You likely have either experienced your own battles with a defiant child or observed another parent’s public struggle. A quick Google search of the phrase “child defiance” will register approximately 21 million hits, showing the enormity of the problem. When experts themselves don’t agree on this subject, what should you do as the parent of a defiant child? Parents should look to those areas that the experts agree on, realize that not every technique is one-size-fits-all and choose what you think would be good for your child and family. Experts rely on some of these favorite techniques:
understand the cause of the negative behavior
set limits and rules,
follow through and
quickly make positive comments on good behavior.
Another strategy worth mentioning, but debatable as to its effectiveness, is the use of bribes.
Understanding the Roots of Defiance
Many researchers agree that understanding the root or the cause of a child’s defiance is essential to working out a resolution. Naomi Aldort, who is a family/parenting workshop speaker and author, explains that by understanding the reason for the behavior, children can then be healed and will no longer need to act out. Others concur with this thinking, reasoning that it gets to the root of the negative behavior.
Settling limits and rules teaches defiant children the importance of boundaries. While this seems obvious, it’s an integral part of parenting. Consequentially, children should know and understand the expectations. When they are deprived of this important knowledge, they are at a greater risk of developing negative behaviors.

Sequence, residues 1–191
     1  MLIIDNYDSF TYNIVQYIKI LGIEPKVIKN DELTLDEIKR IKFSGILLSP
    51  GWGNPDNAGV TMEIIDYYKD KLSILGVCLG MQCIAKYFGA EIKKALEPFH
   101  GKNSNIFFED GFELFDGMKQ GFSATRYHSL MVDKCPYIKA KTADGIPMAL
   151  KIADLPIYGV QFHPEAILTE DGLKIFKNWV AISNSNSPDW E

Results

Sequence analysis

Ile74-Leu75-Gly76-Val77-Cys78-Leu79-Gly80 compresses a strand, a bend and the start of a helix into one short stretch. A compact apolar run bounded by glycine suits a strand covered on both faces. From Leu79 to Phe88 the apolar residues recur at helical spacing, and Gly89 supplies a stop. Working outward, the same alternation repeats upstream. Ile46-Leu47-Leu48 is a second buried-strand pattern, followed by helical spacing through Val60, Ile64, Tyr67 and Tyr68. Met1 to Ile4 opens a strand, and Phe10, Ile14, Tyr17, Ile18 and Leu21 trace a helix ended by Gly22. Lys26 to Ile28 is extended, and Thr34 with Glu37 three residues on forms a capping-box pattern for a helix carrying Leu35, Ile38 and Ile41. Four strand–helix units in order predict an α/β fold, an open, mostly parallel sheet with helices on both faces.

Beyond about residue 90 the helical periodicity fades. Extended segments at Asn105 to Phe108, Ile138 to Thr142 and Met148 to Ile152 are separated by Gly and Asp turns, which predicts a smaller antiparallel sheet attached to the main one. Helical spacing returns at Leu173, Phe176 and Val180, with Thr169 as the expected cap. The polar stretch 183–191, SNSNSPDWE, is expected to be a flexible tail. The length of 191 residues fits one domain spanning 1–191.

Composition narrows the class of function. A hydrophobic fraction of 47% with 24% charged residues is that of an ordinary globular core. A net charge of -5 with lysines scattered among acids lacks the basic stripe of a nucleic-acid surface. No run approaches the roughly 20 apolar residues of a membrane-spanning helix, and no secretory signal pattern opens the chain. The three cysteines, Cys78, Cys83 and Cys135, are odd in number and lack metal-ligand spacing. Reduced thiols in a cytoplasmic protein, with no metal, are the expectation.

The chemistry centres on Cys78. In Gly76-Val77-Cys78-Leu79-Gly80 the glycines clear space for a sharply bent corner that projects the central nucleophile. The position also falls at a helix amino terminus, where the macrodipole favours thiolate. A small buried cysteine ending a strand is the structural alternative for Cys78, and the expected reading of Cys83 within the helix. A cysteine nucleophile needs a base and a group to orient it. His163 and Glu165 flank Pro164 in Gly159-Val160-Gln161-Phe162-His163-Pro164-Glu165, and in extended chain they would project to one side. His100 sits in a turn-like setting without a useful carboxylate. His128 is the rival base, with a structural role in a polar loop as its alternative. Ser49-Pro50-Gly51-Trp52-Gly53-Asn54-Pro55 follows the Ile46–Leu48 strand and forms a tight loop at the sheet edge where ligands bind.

Consistency when enforcing rules and expectations helps children learn consequences for violating boundaries. Far too often, parents fail to stick to their guns and thus teach their children that the rules and expectations are subject to compromise and negotiation. This failure leads to difficulties in child rearing. LMSWs Kim Abraham and Marney Studaker-Cordner recommend that parents address the most serious issues first and then move down a list. However, parents should not set consequences that they don’t plan to enforce. Additionally, researchers reminded parents that kids don’t always need to be happy with your decisions and consequences — it’s part of life, and they need to get used to it.
Providing Positive Feedback
Lastly, parents must work diligently to provide specific and quick positive feedback for behaviors or tasks performed by the child as directed. This reinforces the good behaviors. Dr. Alan Kazdin, who heads Yale’s Parenting Center and Child Conduct Clinic, tells his readers and listeners to observe good behavior and provide positive attention toward that behavior.If the parent sees an action that he or she wants to see repeated, then positive feedback reinforces that behavior.